Looking for info on National Semiconductor RAM board (VAX 11/730)

tony duell ard at p850ug1.demon.co.uk
Sun Jun 21 12:08:22 CDT 2015

> >  Pressing the
> > button turns off the yellow LED and completely disables the board. Quite why you'd want to do this I do
> > not know...
> The reason you'd want a button to disable the board is when running
> diagnostics, you can "remove all the non-DEC memory" without
> physically removing it.  Of course it still could be the source of a
> problem, but at least operational memory boards can be "deleted" so
> they don't grossly affect the diagnostic code.
> It's a "feature" to allow customers to buy less-expensive RAM and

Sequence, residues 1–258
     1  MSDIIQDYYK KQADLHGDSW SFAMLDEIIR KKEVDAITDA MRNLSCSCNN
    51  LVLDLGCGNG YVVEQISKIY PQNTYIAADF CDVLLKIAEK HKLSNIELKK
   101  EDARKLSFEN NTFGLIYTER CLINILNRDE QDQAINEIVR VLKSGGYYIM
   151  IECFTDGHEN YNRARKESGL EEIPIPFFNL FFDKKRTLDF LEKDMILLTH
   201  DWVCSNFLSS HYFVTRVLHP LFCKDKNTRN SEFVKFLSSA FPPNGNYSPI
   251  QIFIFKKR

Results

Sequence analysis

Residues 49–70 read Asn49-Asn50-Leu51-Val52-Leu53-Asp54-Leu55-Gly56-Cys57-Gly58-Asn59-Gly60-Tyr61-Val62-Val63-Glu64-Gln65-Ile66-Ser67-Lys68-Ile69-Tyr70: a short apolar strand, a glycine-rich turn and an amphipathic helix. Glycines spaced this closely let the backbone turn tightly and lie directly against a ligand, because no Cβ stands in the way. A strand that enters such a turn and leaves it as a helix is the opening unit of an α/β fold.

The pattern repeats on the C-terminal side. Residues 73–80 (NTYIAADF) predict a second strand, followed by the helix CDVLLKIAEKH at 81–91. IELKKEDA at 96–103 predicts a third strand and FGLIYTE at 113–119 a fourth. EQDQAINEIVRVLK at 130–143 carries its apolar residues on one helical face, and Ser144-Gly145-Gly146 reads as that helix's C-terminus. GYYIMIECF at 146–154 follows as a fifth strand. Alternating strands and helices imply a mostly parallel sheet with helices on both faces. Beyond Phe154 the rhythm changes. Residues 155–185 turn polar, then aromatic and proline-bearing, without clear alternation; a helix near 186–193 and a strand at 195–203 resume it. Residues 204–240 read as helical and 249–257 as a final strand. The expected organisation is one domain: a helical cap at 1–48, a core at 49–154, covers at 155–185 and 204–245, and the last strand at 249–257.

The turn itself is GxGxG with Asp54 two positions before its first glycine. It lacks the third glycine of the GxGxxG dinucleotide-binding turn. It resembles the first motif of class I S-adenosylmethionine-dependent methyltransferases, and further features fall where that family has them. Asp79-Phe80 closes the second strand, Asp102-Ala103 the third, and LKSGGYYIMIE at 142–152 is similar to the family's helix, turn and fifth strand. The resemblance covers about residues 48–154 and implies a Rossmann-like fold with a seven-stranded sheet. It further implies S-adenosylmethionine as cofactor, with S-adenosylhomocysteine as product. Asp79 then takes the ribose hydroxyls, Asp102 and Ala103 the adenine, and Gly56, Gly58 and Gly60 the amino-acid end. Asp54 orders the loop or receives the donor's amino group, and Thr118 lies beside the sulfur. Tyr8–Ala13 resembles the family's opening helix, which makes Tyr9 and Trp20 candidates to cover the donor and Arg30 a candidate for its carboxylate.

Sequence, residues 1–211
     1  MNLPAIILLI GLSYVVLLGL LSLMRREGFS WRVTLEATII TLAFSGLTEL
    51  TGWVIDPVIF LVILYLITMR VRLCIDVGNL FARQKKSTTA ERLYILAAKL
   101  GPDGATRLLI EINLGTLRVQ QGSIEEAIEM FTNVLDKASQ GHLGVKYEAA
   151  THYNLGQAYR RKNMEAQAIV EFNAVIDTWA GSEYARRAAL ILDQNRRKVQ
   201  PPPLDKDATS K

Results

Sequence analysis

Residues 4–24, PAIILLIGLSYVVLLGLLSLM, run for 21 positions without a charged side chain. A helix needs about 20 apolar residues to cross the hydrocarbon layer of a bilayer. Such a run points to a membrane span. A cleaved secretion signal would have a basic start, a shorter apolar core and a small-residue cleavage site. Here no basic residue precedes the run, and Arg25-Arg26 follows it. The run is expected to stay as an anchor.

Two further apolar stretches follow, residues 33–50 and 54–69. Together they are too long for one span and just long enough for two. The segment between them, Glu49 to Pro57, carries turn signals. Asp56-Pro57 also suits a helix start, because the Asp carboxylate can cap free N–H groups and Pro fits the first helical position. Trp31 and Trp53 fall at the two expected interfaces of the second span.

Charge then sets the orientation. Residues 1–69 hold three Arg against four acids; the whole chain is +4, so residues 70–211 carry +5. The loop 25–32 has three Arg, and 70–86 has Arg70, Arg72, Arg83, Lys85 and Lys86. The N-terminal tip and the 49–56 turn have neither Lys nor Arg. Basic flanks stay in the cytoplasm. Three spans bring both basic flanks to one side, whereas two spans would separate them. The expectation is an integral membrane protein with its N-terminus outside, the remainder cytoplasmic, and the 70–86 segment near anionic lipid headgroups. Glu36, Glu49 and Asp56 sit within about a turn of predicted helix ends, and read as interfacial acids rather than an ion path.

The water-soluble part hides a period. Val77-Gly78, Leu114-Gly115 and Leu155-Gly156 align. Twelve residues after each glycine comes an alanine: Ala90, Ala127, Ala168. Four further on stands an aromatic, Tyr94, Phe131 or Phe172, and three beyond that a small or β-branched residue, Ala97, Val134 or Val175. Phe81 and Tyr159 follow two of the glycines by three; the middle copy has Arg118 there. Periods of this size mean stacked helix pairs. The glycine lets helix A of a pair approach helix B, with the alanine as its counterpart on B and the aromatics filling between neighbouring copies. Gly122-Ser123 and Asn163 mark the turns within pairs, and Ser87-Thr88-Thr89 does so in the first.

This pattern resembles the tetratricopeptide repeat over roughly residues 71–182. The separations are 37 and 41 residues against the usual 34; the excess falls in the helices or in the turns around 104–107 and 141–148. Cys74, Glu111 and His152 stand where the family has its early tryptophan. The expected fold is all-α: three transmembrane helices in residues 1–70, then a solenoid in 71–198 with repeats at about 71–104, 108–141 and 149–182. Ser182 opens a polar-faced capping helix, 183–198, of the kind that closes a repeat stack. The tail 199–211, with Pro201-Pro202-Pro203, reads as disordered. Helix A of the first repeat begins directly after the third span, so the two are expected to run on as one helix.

> still have a way to pass diagnostics without fingerpointing from DEC
> about that "other" board in there.

How would DEC know? These boards do not, AFAIK, have any form of machine-readable
ID. All DEC could tell remotely was how much RAM was in the machine. 

And I would hope any Field Servoid could spot a non-DEC memory board if he was looking
in the cardcage!

Disablng the board would prevent it acting as a data storage area, but if there's a shorted buffer
or something it could still mess things up. There is a common bus to all the memory boards, at least
in the 11/730. And I know the machine will not behave normally if there are gaps in the physical memory
space, quite whether it would run diagnostics in that case I do not know. So I guess you had better have all
the DEC boards at the start of the memory space and if you want to make the 3rd party RAM disappear, 
disable all the boards.


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